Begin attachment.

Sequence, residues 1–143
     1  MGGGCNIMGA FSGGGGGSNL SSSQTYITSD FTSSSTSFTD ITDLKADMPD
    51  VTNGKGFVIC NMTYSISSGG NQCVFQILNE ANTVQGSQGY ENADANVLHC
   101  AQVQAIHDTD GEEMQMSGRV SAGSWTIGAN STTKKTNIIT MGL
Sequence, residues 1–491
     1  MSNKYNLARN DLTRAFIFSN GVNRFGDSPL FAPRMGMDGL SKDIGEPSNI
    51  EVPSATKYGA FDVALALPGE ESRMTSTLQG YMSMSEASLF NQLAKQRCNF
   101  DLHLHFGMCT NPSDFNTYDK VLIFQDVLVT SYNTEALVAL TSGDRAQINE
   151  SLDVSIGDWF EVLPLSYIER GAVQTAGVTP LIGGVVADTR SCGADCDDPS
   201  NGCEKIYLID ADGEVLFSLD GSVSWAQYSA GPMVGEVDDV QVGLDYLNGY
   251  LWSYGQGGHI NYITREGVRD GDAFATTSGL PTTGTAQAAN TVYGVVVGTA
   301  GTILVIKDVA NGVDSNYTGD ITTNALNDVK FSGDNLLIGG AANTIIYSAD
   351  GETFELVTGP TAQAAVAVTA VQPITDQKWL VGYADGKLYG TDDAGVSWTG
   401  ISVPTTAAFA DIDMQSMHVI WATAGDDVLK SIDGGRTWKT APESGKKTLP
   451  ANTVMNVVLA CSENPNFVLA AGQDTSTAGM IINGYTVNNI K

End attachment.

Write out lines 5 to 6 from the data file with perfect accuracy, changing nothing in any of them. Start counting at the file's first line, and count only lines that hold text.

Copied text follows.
Sequence, residues 1–491
     1  MSNKYNLARN DLTRAFIFSN GVNRFGDSPL FAPRMGMDGL SKDIGEPSNI